Peter Buxtun

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Person.png Peter Buxtun  Rdf-entity.pngRdf-icon.png
(researcher, whistleblower)
Peter Buxtun.jpg
ExposedTuskegee syphilis experiment
Blew the whistle on the Tuskegee syphilis experiment.

Peter Buxtun blew the whistle on the Tuskegee syphilis experiment.


Buxtun, then a 27-year-old social worker and epidemiologist in San Francisco,[1] was hired by the Public Health Service in December 1965[2] to interview patients with sexually transmitted diseases; in the course of his duties, he learned of the Tuskegee Experiment from co-workers. He later said—"I didn't want to believe it. This was the Public Health Service. We didn't do things like that."[1] In November 1966, he filed an official protest on ethical grounds with the Service's Division of Venereal Diseases; this was rejected on the grounds that the Experiment was not yet complete. He filed another protest in November 1968; again, his concerns were ruled irrelevant.[3]

In 1972, Buxtun leaked information on the Tuskegee Experiment to Jean Heller of the Washington Star. Heller's story exposing the Experiment was published on July 25, 1972; It became front-page news in the New York Times the following day. Senator Edward Kennedy called Congressional hearings, at which Buxtun and HEW officials testified and the Experiment was terminated shortly thereafter.[4] Buxtun subsequently testified at the ensuing Congressional hearing.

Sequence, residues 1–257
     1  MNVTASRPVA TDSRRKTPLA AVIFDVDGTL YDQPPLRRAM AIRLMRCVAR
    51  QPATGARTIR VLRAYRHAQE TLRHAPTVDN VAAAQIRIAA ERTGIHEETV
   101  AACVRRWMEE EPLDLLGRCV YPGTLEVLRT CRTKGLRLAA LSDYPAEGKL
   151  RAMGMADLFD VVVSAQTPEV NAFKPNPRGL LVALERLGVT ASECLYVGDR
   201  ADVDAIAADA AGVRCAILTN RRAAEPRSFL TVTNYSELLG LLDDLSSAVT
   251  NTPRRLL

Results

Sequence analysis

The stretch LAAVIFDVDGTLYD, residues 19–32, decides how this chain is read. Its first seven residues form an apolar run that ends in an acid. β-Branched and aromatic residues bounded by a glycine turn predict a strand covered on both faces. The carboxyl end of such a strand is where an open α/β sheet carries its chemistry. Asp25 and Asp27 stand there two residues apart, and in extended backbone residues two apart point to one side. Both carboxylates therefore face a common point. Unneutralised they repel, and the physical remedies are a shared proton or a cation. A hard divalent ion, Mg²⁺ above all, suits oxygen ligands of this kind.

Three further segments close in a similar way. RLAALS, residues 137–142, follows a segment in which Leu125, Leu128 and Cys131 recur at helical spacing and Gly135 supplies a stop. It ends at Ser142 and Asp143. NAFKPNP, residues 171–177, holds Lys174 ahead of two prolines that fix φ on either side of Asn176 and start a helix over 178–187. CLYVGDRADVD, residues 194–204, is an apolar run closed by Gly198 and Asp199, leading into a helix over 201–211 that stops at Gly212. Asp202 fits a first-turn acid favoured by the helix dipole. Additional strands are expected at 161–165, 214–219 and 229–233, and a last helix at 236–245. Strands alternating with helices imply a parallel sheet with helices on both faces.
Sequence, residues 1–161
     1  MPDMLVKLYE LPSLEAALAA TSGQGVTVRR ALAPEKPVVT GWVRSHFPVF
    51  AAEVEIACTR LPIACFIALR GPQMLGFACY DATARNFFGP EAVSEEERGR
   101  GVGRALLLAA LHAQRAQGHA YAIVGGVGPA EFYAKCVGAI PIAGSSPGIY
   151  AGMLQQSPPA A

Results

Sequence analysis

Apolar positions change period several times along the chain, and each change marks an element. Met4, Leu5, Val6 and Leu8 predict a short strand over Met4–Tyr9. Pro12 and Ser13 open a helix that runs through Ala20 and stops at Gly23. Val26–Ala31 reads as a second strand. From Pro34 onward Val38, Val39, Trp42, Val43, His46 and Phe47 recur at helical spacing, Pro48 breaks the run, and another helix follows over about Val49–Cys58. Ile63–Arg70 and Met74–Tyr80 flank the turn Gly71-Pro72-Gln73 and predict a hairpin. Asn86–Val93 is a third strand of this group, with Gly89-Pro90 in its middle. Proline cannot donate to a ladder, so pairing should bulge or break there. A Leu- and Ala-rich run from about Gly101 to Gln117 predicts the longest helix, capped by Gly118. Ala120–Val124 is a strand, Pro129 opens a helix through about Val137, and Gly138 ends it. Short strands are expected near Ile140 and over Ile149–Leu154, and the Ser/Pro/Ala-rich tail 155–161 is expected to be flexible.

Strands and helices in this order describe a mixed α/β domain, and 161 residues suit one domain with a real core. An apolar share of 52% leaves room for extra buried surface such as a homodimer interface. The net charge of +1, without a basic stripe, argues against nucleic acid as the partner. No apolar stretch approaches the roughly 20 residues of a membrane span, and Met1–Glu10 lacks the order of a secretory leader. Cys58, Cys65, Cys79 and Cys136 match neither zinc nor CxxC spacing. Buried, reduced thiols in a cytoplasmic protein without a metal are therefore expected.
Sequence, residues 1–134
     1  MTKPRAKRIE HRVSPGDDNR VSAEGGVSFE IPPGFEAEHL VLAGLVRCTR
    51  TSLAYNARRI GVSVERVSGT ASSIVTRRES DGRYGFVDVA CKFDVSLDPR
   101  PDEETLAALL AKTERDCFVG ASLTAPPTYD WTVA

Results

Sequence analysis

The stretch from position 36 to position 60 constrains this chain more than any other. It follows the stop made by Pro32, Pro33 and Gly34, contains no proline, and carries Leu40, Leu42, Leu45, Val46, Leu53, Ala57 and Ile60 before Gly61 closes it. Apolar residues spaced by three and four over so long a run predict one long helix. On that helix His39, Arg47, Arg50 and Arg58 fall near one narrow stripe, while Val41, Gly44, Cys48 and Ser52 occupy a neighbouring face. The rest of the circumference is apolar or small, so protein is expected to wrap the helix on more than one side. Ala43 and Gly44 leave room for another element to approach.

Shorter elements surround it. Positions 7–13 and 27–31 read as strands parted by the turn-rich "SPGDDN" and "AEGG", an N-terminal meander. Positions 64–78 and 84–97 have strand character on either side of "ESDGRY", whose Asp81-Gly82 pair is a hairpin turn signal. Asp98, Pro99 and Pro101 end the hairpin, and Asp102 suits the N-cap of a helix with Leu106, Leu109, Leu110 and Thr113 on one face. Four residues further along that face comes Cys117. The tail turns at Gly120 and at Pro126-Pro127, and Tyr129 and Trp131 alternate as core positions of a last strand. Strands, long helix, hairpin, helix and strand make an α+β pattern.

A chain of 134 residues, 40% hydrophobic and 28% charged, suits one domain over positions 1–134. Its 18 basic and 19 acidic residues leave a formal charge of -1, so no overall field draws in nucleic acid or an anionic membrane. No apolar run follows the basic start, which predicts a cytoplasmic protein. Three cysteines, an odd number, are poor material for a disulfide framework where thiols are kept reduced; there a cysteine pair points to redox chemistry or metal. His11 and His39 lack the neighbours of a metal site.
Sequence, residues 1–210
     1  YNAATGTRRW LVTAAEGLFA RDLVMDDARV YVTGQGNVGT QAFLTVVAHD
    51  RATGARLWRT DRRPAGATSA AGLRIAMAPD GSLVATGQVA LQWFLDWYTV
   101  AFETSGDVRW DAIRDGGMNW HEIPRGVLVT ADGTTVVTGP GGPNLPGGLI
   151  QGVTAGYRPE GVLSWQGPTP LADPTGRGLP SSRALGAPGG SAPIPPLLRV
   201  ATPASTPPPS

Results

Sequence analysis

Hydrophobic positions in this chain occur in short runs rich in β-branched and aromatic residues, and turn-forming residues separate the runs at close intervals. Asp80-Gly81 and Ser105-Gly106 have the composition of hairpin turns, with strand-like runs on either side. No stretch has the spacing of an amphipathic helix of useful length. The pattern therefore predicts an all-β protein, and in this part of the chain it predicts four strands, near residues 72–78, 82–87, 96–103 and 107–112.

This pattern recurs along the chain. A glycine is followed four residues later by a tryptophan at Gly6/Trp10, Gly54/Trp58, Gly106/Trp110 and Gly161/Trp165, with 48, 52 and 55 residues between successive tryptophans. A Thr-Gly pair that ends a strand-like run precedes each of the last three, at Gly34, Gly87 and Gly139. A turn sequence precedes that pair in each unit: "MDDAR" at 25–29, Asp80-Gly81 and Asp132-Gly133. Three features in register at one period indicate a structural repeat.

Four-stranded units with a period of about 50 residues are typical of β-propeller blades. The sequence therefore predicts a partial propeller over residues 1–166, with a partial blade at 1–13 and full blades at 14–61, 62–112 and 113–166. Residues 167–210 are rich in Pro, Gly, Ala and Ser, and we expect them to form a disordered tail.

In May 1999, Buxtun attended the launch of a memorial center and public exhibit to the experiment in Tuskegee.[5]


  1. a b Heller, Jean (July 20, 1997). "The legacy of Tuskegee". St Petersburg Times. p. 1D
  2. Rubin, Allen; Babbie, Earl R. (2005). Research Methods for Social Work. Thomson Wadsworth. p. 70. ISBN 978-0-534-62109-4
  4. Stryker, Jeff (13 April 1997). "Tuskegee's long arm still touches a nerve".
  5. "Center launched as training tool". Associated Press. May 17, 1999